Whippet

Whippet getting ready to run

The Whippet is a medium-sized sighthound that shares ancestry with the Greyhound. In fact, the Whippet’s predecessors may have come from crosses between small Greyhounds and even smaller dogs, which were used by poor farmers for rustling rabbits and other small game during the 18th century.

These poor farmers also used the Whippet for entertainment in the form of “snap dog” contests, where bets were made on which one could “snap up” as many rabbits before they bolted from within a circle. The Whippet was also cross-bred with ratting terriers to increase quickness and keenness.

Nicknamed The Poor Man’s Racehorse

whippet book

The industrial revolution prompted the development of the true Whippet breed that we know today. An influx of rural workers migrated to industrialized areas, bringing a need for entertainment, which they satisfied by bringing their snap dogs. However, there were no rabbits to snap up, so they discovered that the dogs would willingly race toward a waving rag.

Thus, a new sport was born, it became trendy amongst coal miners; in fact, the Whippet is nicknamed “the poor man’s racehorse.” A whippet during that time was an enormous source of pride for families. It was not only a source of extra income but a producer of food for the pot as well. They were an important member of the family; it shared in the family’s provisions and often slept in the bed with the children. They also came to be highly regarded as a companion as well.

Today, Whippet racing is still somewhat popular. Unfortunately, it never really garnered Greyhound racing’s marketable appeal; therefore, it remains strictly an amateur sport. The Whippet was recognized as a breed in 1888, and it began to be highly touted for its aesthetic appeal. It was further crossed with the Italian Greyhound, which further refined its appearance.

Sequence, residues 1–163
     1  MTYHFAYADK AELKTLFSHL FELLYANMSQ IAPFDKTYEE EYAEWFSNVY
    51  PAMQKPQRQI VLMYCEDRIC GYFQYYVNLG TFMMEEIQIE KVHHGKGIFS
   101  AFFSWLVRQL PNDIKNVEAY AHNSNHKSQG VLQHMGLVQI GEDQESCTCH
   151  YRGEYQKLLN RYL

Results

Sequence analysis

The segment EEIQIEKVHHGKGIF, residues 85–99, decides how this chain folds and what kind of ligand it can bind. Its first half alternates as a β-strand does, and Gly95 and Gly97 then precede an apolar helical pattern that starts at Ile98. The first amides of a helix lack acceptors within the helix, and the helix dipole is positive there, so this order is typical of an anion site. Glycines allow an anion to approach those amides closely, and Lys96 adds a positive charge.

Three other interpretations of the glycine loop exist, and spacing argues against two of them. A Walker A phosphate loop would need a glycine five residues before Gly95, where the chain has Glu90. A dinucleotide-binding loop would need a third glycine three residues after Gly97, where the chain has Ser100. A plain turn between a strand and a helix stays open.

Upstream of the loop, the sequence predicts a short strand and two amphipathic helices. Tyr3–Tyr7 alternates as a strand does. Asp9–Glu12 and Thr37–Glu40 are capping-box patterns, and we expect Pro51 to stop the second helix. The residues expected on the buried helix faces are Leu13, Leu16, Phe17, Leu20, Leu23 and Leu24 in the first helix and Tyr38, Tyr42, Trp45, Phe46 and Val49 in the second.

The Whippet was not a popular dog right away; however, its uncanny combination of agile grace and courteous companionship progressively created a fervent following. Today, the Whippet is the most popular of the sighthounds and is highly esteemed as a show dog, lure-courser, racer, and family companion.

Whippet Breed Facts

Temperament: The Whippet is probably the most affectionate and obedient of the true sighthounds. In fact, they’re an ideal pet for those that want a quiet housedog and a devoted companion. This is an extremely gentle breed; they’re great with children and can make an exceptional companion for them. It behaves indoors and loves to run and play when outdoors. They’re compassionate both physically and mentally. They cannot take coarse treatment or strict correction.

Upkeep: The Whippet is an excellent dog for those that live in an apartment. However, it requires long walks and runs daily. Grooming is a breeze with this breed. Also, it will require a warm, soft bed. It does not do well in cold weather. The hair is concise and fine, and it is virtually free of doggy odor.

Popularity: Somewhat popular

Family: Sighthound

Origin: England

Date Developed: 1700s

Past Function: Racing, rabbit coursing

Current Function: Racing, lure coursing

Other Names: None

Life Expectancy: 12 – 15 years

Weight: 20 – 40 pounds

Height: Male: 19 – 22 inches; Female: 18 – 21 inches

Color: Immaterial

Health Problems: deafness, some eye defects

Characteristics

Energy Level: 3/5

Exercise Requirements: 3/5

Playfulness: 3/5

Affection: 4/5

Tolerate Other Dogs: 5/5

Tolerate Other Pets: 4/5

Ease of Training: 3/5

Tolerate Strangers: 3/5

Watchdog Ability: 4/5

Guard Dog Ability: 1/5

Grooming Requirements: 1/5

Ability to Tolerate Cold: 1/5

Ability to Tolerate Heat: 3/5

The Whippet is among the sleekest of dogs, with a curved, streamlined profile, long legs, and a lean body. The Whippet is the ultimate sprinter, unmatched by any other breed in its capability to accelerate to top speed and to twist and turn with unequaled nimbleness.

It is a lightweight version of the Greyhound, with an especially supple topline and powerful back legs, which enables it to perform the double-suspension sprint at its most extreme. It is square or slightly longer than tall. The walk is low and free-moving. The countenance is acute and alert.

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